Research Stories

Overcoming the limitations of antitumor immunotherapy by developing K-nanoadjuvant

The world's first development of Kinetically activating nanoadjuvant; K-nanoadjuvant, a novel concept in which immune activation functions are dynamically tuned so that therapeutic immune cells can generate effective anti-tumor immunity while minimizing exhaustion.

SKKU Advanced Institute of Nano Technology
Seung Mo Jin, Yeon Jeong Yoo

  • Overcoming the limitations of antitumor immunotherapy by developing K-nanoadjuvant
  • Overcoming the limitations of antitumor immunotherapy by developing K-nanoadjuvant
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Prof. Yong Taik Lim’s research team (SAINT) developed the world’s first kinetically activating nanoadjuvant (K-nanoadjuvant), which enables therapeutic immune cells to generate effective antitumor immunity without exhaustion.

The research results were published in Nature Nanotechnology (IF: 39.213), a world-renowned academic journal in the field of multidisciplinary science.

Various drugs capable of effective innate immune induction, such as toll-like receptor (TLR) agonists, have been developed throughout the history of oncology. Although these drugs contribute to immune activation, they also cause immunotoxicity and exhaustion of immune cells, resulting in ineffective cancer immunotherapy overall.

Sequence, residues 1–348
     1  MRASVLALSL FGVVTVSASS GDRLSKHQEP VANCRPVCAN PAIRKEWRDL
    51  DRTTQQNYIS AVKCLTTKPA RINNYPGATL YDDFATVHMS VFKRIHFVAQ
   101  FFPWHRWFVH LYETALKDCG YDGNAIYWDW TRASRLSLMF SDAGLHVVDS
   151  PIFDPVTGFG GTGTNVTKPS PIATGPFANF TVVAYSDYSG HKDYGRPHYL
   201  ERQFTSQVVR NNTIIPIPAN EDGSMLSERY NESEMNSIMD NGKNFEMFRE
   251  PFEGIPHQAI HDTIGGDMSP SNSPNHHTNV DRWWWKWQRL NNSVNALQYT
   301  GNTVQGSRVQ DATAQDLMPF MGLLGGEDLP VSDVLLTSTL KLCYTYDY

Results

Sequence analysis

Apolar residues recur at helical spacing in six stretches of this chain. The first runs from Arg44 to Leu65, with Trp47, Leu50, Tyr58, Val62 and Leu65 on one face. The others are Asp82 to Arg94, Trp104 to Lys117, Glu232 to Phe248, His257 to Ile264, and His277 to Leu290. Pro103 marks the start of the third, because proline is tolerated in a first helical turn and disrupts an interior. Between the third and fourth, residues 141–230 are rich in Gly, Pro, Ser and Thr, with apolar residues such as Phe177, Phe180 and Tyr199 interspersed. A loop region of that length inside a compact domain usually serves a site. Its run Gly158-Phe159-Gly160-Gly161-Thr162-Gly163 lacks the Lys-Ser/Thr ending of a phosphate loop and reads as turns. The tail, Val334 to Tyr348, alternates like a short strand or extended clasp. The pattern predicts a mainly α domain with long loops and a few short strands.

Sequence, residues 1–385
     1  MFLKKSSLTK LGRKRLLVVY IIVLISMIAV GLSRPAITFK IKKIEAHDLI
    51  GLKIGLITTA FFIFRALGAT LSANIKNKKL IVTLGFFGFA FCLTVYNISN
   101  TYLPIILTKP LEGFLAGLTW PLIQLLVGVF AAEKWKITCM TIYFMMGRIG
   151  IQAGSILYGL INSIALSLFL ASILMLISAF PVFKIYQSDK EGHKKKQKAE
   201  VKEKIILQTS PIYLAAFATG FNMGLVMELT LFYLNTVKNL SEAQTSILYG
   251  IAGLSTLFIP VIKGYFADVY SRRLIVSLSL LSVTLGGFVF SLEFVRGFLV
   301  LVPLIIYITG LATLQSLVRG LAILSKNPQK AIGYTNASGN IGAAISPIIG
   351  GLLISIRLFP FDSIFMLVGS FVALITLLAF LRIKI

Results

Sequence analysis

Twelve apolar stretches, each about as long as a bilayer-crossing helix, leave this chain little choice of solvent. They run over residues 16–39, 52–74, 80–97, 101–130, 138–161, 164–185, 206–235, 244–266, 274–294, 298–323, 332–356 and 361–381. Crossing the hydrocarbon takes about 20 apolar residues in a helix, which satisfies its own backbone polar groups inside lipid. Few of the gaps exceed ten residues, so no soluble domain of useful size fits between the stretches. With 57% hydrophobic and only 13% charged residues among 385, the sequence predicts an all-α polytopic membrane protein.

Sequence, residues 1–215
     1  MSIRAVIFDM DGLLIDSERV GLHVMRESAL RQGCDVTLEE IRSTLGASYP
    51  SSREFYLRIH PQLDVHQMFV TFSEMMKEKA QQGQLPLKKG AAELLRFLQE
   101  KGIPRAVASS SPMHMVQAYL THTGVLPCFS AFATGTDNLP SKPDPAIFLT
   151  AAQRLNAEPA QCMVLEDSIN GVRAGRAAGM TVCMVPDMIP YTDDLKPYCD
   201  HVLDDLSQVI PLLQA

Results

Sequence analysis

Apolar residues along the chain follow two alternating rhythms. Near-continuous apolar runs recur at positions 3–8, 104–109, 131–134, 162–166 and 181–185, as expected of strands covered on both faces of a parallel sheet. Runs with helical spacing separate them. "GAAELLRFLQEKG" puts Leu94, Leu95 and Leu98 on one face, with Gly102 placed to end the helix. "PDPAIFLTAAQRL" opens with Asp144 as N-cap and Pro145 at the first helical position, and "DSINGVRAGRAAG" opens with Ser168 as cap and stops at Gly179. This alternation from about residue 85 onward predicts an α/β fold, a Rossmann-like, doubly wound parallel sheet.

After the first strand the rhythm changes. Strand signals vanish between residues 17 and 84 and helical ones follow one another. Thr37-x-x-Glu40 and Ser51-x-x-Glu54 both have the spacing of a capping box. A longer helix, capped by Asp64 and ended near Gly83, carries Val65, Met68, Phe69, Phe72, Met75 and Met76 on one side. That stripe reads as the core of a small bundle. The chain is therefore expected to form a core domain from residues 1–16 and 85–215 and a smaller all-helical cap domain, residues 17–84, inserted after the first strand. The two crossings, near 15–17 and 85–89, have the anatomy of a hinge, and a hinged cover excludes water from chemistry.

To address these issues, researchers designed a nanoliposome-based novel TLR7/8a (timely activating TLR7/8 agonist; t-TLR7/8a) for the first time and revealed the efficacy of K-nanoadjuvant fabricated in combination with various TLR agonists.

A nanoliposome-based K-nanoadjuvant is a novel immune function-modulating platform that not only maximizes immune cell activation but also overcomes immune cell exhaustion induced by excessive immune responses. Such effect was achieved by coordinating optimized time, order, and combinatorial code of two different immunostimulants with different mechanisms of action which induce different signal transduction routes.

K-nanoadjuvant solves the problem of current immunostimulants and has a high potential for clinical application, as previous research has proven the safety of nanoliposome-based platforms in the human body.

Researchers expect K-nanoadjuvant to be applied to immune checkpoint inhibitors unresponsive patient group, the latest anticancer therapeutic drug, and can be used as a next-generation anticancer therapeutic drug that can prevent recurrence/metastasis.